Insurance companies must put patients first
My View • Physicians worry as bumbling bureaucrats, firms get in the way
Several years ago, a front-page daily newspaper article described a man who had schizophrenia and was very stable at his group home. His medication costs were approximately $3,000 annually.
Some bureaucrat at the Oregon Health Plan decided that the state could save money by denying coverage for certain more expensive medications. This man's medication was terminated, and within two weeks he had a full psychotic episode resulting in a $20,000 inpatient hospitalization to reestablish his previous baseline condition.
Sadly, this penny-wise and pound-foolish attitude continues to be a part of the stated agenda for many health care plans.
It is no secret that the public has a perception that insurance companies are only slightly more 'honest and trustworthy' than oil companies and tobacco companies, according to a Harris poll in late 2009.
As a board-certified family physician, I have a front-row seat watching the various schemes that insurers foist on the people they have supposedly promised to serve. Research shows that my practice is no different than other primary care offices in that the average physician office requires three weeks of physician/provider time, 23 weeks of nursing staff time, and 44 weeks of clerical staff time figuring out formularies and prior authorization procedures to get our patients the medications that I deem to be the most beneficial for a particular condition.
This time-wasting and health-jeopardizing intrusion into the doctor-patient relationship continues to undermine the essential foundation of our health care system. It seems to me that if insurance carriers were to calculate the costs of hiring staff to deny care for their enrollees and instead, use the money to pay for the prescribed medical care by physicians, it might actually save money.
Several recent developments devised by insurance carriers enhance the companies' bottom line at the expense and the health of you, the patient. For example, insurance companies give employee bonuses based on finding ways to cancel policies of people who have gotten sick or injured and incurred expenses beyond a certain limit. Insurers call this 'risk' or refusing to accept patient with pre-existing medical conditions.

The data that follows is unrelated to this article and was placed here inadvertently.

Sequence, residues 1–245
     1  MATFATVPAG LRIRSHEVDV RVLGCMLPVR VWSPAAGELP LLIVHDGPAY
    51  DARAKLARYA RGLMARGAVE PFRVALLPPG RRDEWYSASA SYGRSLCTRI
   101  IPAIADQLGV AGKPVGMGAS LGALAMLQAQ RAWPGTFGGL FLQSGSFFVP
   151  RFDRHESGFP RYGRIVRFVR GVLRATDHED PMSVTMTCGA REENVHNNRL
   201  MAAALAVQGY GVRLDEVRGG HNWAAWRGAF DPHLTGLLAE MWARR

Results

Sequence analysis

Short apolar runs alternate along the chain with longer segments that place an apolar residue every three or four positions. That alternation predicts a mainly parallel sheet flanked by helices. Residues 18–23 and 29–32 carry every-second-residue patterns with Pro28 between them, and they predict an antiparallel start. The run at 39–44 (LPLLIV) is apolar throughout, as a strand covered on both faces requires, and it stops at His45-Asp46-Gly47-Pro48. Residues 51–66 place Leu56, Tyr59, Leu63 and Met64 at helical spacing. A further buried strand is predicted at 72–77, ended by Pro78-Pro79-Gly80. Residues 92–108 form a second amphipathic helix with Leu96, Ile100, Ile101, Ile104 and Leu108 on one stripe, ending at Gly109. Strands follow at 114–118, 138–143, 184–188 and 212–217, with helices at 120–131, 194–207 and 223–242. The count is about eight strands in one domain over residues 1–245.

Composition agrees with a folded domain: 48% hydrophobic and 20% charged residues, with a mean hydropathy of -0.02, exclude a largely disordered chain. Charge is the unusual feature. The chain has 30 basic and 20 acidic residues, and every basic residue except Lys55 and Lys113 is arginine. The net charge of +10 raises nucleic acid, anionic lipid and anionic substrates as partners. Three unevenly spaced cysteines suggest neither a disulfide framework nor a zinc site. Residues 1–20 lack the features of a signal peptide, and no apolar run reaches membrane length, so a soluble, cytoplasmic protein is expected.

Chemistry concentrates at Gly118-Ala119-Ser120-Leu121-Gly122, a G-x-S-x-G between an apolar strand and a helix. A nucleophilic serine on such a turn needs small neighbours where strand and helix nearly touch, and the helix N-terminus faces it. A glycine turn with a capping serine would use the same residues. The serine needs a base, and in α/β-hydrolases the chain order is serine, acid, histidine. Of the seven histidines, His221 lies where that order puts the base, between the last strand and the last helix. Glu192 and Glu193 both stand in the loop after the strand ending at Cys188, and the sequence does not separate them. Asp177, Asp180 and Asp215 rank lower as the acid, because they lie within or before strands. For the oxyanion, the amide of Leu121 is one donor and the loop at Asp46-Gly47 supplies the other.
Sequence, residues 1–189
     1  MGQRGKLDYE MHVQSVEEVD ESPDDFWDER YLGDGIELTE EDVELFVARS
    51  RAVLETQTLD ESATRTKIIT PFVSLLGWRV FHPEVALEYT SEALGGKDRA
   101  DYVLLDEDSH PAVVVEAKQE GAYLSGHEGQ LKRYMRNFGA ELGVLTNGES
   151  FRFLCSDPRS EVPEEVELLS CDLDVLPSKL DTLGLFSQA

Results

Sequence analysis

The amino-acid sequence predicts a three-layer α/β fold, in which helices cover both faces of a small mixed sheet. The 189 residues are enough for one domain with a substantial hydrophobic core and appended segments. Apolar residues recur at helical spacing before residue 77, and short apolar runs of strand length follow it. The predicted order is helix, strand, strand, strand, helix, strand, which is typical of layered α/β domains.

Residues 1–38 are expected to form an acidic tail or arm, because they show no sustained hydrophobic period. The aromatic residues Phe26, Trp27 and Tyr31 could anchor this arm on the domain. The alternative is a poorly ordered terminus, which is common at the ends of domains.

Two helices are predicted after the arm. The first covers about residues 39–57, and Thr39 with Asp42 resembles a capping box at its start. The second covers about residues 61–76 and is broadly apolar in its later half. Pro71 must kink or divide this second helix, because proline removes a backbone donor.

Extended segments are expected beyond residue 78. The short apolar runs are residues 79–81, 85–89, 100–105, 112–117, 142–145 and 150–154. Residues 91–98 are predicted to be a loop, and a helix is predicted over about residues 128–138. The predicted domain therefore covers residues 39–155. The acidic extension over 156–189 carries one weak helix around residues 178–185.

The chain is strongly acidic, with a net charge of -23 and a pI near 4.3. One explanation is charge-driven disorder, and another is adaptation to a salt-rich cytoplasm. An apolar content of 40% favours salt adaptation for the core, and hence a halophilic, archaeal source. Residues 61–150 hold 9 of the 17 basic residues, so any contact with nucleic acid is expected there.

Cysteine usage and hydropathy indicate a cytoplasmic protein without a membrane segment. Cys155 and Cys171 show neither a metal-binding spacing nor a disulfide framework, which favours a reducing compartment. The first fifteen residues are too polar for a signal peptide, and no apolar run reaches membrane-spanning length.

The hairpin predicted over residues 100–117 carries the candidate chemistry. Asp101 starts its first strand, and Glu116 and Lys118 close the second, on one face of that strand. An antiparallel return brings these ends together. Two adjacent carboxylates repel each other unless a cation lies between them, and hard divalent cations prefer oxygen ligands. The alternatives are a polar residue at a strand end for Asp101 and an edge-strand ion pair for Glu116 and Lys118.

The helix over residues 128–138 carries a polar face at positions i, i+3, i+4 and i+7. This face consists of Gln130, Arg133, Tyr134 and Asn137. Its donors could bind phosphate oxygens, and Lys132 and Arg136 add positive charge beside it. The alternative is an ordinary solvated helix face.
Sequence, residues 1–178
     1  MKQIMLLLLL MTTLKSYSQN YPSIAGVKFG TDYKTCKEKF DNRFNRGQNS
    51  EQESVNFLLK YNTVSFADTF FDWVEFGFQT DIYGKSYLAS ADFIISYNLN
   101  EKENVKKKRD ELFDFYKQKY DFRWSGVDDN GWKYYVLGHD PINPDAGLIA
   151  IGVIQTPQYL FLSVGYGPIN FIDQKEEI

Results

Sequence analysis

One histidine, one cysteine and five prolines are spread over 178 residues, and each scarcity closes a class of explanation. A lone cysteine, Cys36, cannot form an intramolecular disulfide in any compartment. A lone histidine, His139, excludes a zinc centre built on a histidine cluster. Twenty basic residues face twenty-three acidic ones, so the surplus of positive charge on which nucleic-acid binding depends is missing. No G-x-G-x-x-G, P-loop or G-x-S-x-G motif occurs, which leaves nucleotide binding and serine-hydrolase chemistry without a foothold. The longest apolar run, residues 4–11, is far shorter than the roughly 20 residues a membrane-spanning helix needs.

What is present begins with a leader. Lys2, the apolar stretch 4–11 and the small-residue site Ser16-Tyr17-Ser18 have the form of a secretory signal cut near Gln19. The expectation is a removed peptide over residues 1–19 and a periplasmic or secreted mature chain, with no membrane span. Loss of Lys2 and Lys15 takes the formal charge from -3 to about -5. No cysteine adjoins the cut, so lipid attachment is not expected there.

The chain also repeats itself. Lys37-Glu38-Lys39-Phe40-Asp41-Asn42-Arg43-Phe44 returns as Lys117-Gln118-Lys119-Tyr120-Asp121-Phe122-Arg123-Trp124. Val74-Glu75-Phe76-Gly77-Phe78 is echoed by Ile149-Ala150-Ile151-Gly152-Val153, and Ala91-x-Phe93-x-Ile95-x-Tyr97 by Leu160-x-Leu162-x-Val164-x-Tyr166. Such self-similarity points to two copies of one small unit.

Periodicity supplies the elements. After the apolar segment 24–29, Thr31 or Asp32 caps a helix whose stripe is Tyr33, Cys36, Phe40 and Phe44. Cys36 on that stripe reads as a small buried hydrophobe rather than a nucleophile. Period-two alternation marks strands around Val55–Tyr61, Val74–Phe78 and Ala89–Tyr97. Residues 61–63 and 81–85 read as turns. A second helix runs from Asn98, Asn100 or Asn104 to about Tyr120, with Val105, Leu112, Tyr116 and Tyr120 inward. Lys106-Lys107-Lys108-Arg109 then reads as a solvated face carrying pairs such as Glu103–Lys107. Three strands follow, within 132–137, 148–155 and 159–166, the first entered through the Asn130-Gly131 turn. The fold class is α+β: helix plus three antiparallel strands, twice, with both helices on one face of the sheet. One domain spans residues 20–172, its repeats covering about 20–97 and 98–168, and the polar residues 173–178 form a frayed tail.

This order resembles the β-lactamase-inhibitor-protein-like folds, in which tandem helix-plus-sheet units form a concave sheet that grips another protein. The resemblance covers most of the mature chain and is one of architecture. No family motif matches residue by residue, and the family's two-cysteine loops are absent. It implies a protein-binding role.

Insurance companies now institute a 'fail first' policy, which means that they will not pay for the doctor-prescribed medication unless a less expensive alternative has been tried and failed numerous times, resulting in a delay of a possible cure and potential adverse consequences for the patient.
Insurers have also started making deals with generic companies where they receive kickbacks or rebates from the generic pharmaceutical company making less expensive medication, again putting the financial bottom line ahead of the patient's interests.
Some large integrated HMOs are instituting a 'six-month moratorium' on all new medications under the guise of 'wanting to make sure that these new medications are safe' when the real agenda is withholding the newest medication for their own financial benefit.
Also, some physicians whose practices are owned by large integrated HMOs have been forced to take a 5 percent pay withhold, which they can only earn back, plus a bonus, depending on their percentage of prescribing generic drugs. Generics are older medications that can be a cost saver, but in several cases are not as effective or pure as the brand name medication. Therefore a physician's compensation is linked to saving the insurance company money rather than keeping his or her patient healthy or providing the optimal care.
What can you do as a consumer? You may want to call your insurance company and ask if they engage in some of these practices, and if the chief executive officer of the organization continues to take larger bonuses every year.
The American Medical Association is in the process of trying to develop a 'National Health Insurer Code of Conduct Petition' that you can review and sign at insurepatientaccess.org. This describes the restrictive coverage policies, payment practices and limits to a patient's access to care that undermine the integrity of the physician-patient relationship.
Dr. Gregory Knopf practices family medicine at the Gresham Troutdale Family Medical Center.